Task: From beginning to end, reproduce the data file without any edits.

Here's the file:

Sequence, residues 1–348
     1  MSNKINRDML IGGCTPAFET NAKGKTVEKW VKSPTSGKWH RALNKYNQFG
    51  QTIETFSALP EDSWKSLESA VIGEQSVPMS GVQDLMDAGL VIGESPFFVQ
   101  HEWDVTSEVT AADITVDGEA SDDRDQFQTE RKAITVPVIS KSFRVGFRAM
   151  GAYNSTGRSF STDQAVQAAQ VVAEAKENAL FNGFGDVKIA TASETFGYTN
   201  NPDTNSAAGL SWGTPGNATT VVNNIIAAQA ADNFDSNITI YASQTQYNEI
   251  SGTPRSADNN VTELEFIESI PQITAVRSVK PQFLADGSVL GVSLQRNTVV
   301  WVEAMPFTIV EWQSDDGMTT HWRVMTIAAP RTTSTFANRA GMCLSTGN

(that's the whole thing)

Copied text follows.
Sequence, residues 1–348
     1  MSNKINRDML IGGCTPAFET NAKGKTVEKW VKSPTSGKWH RALNKYNQFG
    51  QTIETFSALP EDSWKSLESA VIGEQSVPMS GVQDLMDAGL VIGESPFFVQ
   101  HEWDVTSEVT AADITVDGEA SDDRDQFQTE RKAITVPVIS KSFRVGFRAM
   151  GAYNSTGRSF STDQAVQAAQ VVAEAKENAL FNGFGDVKIA TASETFGYTN
   201  NPDTNSAAGL SWGTPGNATT VVNNIIAAQA ADNFDSNITI YASQTQYNEI
   251  SGTPRSADNN VTELEFIESI PQITAVRSVK PQFLADGSVL GVSLQRNTVV
   301  WVEAMPFTIV EWQSDDGMTT HWRVMTIAAP RTTSTFANRA GMCLSTGN